On The Notion of Chance and Its Application in Natural Sciences

In Proceedings of the Xxii World Congress of Philosophy. pp. 7-15 (2008)
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Abstract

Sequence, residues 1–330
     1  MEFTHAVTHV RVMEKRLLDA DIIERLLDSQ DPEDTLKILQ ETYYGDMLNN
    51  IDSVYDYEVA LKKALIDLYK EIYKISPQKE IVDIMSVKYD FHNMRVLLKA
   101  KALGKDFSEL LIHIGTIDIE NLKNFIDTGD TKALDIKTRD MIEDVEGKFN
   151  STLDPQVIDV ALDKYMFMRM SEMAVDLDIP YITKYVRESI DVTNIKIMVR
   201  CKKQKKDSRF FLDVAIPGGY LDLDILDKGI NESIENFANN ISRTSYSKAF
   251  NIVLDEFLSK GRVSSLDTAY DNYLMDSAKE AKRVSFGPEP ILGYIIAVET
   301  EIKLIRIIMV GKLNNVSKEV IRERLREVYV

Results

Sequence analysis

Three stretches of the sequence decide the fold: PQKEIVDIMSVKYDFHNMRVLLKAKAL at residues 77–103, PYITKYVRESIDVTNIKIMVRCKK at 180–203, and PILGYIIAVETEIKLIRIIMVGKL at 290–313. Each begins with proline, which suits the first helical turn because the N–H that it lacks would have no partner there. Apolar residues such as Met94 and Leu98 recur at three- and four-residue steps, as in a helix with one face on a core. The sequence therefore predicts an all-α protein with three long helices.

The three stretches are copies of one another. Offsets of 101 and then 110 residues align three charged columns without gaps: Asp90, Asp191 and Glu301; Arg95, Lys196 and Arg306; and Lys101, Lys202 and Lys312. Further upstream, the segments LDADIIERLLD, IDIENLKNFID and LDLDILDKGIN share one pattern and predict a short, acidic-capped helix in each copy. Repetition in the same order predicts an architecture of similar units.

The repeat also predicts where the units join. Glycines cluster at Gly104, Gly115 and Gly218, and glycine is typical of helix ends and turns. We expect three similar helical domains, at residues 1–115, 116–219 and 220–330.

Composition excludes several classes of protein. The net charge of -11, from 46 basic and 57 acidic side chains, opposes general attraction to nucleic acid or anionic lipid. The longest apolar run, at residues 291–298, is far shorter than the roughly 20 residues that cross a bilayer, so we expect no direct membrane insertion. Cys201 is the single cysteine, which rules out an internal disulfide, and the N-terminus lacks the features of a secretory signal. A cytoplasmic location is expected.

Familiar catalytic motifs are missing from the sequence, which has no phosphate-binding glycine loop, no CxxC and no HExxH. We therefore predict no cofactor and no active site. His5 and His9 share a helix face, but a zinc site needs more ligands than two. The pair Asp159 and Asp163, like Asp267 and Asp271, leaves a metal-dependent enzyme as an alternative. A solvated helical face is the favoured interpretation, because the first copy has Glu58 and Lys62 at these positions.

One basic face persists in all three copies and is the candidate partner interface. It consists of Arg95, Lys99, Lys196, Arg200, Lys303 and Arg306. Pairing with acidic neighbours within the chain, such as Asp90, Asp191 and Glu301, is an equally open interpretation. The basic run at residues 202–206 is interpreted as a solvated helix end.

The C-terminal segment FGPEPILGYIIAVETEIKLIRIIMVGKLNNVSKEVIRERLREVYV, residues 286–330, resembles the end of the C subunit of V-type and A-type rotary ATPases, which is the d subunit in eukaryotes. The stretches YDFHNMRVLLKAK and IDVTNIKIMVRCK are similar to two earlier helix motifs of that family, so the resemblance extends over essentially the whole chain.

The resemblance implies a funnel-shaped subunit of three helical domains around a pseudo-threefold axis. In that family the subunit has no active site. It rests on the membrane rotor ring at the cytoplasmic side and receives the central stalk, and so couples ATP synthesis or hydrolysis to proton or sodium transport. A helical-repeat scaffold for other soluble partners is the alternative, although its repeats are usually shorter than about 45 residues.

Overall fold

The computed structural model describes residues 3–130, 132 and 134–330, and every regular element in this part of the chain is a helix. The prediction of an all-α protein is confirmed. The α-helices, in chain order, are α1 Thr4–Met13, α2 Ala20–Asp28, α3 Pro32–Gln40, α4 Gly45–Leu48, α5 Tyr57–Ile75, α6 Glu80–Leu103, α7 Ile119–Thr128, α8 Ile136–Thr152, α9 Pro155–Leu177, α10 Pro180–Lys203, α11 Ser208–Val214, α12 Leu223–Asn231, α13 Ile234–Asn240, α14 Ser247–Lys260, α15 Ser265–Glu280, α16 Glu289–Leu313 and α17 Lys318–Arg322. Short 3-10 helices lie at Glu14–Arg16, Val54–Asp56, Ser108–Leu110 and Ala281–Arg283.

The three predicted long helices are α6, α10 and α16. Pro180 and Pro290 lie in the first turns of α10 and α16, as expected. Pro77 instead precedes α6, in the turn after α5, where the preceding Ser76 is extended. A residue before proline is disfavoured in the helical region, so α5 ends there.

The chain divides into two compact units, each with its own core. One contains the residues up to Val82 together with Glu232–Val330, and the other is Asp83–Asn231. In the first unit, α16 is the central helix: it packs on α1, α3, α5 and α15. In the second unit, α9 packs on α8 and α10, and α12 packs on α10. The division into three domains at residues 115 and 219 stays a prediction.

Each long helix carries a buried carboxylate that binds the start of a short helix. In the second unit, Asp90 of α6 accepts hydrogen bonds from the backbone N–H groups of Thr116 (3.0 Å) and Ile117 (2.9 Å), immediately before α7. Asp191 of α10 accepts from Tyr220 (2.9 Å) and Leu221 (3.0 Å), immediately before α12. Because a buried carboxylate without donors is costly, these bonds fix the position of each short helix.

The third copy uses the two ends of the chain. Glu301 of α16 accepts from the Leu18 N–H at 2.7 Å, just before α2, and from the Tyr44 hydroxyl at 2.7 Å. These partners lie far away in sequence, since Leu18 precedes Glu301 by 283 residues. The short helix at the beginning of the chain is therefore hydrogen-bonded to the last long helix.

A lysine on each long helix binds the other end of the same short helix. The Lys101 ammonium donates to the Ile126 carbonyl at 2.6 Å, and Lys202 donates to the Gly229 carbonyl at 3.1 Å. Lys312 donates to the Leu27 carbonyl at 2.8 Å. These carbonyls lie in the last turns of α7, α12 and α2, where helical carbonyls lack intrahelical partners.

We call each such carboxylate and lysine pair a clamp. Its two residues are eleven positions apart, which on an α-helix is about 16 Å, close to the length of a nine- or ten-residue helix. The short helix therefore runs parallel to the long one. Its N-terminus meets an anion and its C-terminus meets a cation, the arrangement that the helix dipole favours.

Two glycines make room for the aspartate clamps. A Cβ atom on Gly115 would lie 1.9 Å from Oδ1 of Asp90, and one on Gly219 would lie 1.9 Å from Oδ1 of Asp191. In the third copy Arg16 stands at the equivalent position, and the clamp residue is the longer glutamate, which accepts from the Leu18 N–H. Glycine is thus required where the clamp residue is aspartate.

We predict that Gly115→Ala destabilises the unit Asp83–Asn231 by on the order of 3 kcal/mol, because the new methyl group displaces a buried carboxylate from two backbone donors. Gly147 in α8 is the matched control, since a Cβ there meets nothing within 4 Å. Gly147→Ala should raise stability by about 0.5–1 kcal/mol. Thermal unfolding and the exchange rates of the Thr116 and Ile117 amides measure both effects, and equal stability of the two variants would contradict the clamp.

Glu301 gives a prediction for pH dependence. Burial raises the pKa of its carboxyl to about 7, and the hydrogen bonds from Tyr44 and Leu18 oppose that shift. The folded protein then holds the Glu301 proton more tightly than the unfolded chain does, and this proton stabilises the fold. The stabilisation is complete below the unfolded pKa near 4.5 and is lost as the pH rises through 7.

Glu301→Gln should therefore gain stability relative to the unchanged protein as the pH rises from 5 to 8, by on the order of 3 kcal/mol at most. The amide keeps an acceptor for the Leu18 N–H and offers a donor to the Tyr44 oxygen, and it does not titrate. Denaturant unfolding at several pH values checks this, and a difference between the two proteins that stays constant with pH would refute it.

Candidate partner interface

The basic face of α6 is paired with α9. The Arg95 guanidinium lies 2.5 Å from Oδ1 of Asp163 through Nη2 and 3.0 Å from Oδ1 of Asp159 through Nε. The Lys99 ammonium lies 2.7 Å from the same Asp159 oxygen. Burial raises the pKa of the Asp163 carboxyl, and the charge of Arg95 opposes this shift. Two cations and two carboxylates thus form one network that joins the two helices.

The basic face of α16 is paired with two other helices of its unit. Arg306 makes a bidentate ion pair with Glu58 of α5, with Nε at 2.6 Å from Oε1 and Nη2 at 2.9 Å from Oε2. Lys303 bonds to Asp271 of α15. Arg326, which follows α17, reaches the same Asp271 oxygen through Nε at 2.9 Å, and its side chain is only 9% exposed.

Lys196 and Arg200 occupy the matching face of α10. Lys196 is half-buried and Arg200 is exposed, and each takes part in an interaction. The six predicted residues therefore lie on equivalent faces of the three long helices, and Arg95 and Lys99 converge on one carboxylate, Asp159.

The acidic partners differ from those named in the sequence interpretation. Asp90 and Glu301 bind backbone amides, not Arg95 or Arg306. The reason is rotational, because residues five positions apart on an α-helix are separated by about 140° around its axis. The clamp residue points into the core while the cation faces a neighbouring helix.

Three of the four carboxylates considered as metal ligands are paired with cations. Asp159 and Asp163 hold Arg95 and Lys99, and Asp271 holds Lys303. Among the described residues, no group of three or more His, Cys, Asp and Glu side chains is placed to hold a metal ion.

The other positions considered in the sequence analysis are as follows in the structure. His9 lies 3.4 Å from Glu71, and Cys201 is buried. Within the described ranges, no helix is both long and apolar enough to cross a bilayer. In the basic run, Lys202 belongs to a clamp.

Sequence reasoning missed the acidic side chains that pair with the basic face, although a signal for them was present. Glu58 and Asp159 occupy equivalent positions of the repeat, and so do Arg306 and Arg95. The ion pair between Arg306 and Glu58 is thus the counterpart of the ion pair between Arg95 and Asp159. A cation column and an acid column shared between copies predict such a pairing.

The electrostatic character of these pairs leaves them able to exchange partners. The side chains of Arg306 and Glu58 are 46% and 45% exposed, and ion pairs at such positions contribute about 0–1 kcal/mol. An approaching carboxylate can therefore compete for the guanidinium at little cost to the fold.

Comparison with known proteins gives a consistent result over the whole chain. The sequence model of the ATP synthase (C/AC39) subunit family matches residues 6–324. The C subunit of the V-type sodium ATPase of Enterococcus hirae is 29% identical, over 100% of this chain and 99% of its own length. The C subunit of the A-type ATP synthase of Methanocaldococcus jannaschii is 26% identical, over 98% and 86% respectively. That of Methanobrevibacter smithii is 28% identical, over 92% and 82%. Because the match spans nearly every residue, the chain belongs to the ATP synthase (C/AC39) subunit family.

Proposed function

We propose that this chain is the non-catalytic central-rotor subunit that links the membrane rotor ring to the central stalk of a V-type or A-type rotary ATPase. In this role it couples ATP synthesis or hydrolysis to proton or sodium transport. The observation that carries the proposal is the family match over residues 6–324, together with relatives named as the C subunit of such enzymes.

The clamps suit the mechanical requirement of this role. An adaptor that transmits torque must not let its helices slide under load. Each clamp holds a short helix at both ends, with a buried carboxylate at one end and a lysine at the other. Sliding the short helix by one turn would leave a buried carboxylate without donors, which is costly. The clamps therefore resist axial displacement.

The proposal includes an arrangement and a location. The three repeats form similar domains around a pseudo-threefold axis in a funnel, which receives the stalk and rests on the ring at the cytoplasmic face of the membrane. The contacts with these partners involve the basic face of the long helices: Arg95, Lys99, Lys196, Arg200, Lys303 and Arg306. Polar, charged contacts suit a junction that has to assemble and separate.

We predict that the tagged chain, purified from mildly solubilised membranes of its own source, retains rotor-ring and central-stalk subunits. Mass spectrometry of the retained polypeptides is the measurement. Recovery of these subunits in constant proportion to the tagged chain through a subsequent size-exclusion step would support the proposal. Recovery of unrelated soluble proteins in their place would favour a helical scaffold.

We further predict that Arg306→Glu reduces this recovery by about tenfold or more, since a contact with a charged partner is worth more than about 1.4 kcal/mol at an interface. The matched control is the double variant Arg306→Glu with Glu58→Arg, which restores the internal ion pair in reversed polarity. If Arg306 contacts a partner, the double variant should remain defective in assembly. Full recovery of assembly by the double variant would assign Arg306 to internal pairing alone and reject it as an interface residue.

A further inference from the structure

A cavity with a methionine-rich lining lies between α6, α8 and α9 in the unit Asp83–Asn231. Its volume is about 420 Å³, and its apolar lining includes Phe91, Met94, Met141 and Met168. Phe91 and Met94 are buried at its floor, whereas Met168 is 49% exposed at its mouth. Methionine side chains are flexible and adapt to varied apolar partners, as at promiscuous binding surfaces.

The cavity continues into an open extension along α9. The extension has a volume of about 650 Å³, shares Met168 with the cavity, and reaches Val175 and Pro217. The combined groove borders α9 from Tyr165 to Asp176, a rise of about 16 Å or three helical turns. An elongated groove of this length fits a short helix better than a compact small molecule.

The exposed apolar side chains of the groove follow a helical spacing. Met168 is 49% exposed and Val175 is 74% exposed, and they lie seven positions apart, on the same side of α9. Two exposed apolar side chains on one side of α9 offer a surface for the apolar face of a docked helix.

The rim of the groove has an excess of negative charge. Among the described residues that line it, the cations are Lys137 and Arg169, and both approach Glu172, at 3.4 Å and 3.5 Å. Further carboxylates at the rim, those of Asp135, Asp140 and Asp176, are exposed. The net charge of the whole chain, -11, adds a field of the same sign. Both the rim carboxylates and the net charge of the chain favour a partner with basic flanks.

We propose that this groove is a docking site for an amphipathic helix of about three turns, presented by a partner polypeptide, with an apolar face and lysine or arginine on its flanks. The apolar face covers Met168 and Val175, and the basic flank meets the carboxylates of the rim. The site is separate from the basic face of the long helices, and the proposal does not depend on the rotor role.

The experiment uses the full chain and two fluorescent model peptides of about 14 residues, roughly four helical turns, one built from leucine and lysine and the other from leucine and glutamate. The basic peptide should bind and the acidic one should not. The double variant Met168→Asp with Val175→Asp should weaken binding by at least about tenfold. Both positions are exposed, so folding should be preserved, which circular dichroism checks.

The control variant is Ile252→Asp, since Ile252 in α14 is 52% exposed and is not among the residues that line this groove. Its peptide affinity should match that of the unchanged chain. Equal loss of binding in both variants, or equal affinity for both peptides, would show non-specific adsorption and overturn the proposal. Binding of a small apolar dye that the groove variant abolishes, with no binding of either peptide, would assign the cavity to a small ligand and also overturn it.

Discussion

The notion of chance plays an important role in some philosophical analyses and interpretations of scientific theories. The most obvious examples of that are the theories of evolution and quantum mechanics. This notion, however seems to be notoriously vague. Its application in such analyses, more often than not refers to its common-sense understanding, which, by definition, cannot be sufficient when it comes to sound philosophical interpretations of scientific achievements. The paper attempts at formulating a ‘typology of chance’. It distinguishes eight different meanings of this notion. Those meanings can be found in classical philosophical accounts of chance, in the common usage of this term, or form logical possibilities of its understanding. Subsequently, the paper points to those forms of the notion in question which may and may not be properly applied to scientific theories and ideas – given usual characteristics of natural sciences. It also shows – by the examples of particular theories mentioned above – which of the distinguished forms of the notion of chance are actually applicable in the context of these theories
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